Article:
And why they may not be the same style or brand.
You truly don’t need a lot of equipment for running…really just sweat-wicking clothing that’s appropriate for the weather and a good pair of running shoes. And by a “good” pair of running shoes I mean shoes that fit well, are comfortable and appropriate for the type of running you’re doing, and, most important, offer the cushion and structure that work with your biomechanics.
So, there really is no one perfect running shoe for every man or every woman…it’s all about what you want and need in a shoe. Let’s do a deep dive on this…
How to get a pair of comfortable, well-fitting shoes.
Often when we work with our customers at the store, they tell us their shoe size. That’s a great starting point but sizing can vary between shoe brands and between styles within a brand.
Here’s are some tips to get the best fit:
- Try for at least a thumb’s length between your longest toe and the end of the toe box. With your foot constantly thrust in a forward motion, you’ll need that room to reduce blisters, cramping and lost toenails. The proper length gives you room to wiggle your toes but not so much that your heel slips.
- Your foot shape also determines the “best shoe for you.” Some brands shape their shoes with a narrow heel, while some are well-known for wide toe boxes. And if you have wide feet, ask for styles with wide widths.
- Don’t be stuck on “I always wear size 9.” We generally go up a half size to make sure the shoe is roomy but not sloppy. Buy a shoe based on the fit, not the size.
- Try on several styles so you can feel the differences and narrow down your selection. When you have two or three contenders, put one on each foot for a side-by-side comparison. That can help you make the best selection.
How to find the shoe that’s best for the type of running you do.
Are you running on a trail, or the road or a treadmill? Well, there’s a shoe for that!
- Trail runners: Trail-specific shoes are made with extra grip on the outsole for traction on slippery, muddy trails. There are plenty of different styles to try with super-sturdy grip to barely-there traction, and some styles have rock plates so you don’t get poked by sticks and rocks. Try on a few styles to see what fits your foot and running style the best.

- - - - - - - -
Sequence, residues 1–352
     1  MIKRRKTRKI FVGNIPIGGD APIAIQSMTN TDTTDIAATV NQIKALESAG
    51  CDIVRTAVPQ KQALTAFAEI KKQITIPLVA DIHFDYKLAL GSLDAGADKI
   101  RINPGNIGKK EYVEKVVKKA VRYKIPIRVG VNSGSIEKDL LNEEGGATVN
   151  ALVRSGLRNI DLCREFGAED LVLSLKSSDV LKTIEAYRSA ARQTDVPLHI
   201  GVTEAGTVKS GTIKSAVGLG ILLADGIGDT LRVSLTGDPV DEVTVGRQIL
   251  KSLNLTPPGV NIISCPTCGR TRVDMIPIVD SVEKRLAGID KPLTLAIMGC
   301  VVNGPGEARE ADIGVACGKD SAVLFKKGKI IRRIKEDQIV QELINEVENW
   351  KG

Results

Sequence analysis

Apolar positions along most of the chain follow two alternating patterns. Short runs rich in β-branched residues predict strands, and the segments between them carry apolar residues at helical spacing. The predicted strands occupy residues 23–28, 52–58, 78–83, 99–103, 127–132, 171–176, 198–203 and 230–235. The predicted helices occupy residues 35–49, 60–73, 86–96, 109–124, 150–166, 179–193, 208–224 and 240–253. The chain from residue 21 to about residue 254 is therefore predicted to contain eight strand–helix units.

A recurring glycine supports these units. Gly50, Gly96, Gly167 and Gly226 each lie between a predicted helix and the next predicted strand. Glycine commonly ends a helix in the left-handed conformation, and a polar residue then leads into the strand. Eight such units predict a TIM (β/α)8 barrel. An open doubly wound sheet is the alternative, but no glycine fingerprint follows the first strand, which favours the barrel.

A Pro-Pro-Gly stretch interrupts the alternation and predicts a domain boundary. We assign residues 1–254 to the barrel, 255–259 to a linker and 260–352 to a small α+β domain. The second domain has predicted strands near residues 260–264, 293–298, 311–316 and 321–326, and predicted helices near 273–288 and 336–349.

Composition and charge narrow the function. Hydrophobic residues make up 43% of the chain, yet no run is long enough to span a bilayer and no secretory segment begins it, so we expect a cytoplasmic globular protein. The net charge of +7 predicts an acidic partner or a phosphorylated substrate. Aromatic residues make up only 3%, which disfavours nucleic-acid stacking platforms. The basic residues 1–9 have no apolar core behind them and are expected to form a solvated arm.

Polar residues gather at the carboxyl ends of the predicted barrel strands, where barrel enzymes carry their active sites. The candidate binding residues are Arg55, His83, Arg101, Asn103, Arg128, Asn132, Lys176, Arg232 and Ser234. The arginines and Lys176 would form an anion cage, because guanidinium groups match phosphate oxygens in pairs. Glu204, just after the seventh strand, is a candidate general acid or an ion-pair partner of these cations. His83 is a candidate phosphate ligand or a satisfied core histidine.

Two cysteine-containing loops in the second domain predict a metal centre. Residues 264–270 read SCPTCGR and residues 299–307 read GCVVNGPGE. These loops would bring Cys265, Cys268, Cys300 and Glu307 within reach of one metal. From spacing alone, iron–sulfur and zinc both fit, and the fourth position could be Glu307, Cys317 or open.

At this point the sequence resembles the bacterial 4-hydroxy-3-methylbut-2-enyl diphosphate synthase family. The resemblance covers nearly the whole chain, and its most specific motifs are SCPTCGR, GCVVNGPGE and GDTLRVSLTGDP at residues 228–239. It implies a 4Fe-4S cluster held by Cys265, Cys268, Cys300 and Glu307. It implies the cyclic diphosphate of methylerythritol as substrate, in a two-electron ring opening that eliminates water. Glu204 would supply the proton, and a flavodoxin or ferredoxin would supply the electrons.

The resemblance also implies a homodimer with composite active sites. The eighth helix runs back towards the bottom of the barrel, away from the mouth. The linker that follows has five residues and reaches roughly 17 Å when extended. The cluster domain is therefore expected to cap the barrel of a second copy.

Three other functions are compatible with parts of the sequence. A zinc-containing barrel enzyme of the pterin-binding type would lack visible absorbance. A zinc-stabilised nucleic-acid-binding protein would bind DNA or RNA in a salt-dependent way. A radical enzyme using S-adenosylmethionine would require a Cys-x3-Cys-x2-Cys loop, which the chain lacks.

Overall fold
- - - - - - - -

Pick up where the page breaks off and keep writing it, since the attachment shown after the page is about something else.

- Road runners: These are the most common running shoes because they work well on packed surfaces (like sidewalks) as well as light trails and treadmills. They are designed for pavement, tend to be lighter and more flexible than trail shoes, and are made to cushion or stabilize feet during repetitive strides on hard, even surfaces.
- Treadmill runners: When you run outside, you have different ground conditions to deal with (water, pavement, loose gravel, etc.), but treadmill running offers a consistent and cushioned terrain. Because of this many people like a lightweight, more flexible style of running shoe. Take advantage of our in-store treadmill to try out a few styles to see what works best for you.
How to find a shoe that works with your biomechanics.
Biomechanics is, in the most basic terms, how your body moves when running. We offer free Gait Analysis to assess the way your foot hits, rolls and toes off to determine your pronation (the natural side-to-side movement of your foot). While there is no right or wrong gait, this process tells us whether you’re a neutral runner, an overpronator or an underpronator (also called supinator) so we can offer you a selection of shoes with the appropriate level of support to reduce the risk of injury and boost comfort.
- A Neutral runner generally has a medium arch, with the foot rolling evenly and the ankle remaining aligned as you go through the gait cycle.
- An overpronating runner generally has a lower arch that collapses when the foot rolls inward.
- An underpronating runner generally has a high arch that rolls out when the foot hits the ground.
Come into Plateau Runner today for a free gait analysis and we’ll help you select a pair of kicks that fit your feet, your activity and your body’s needs.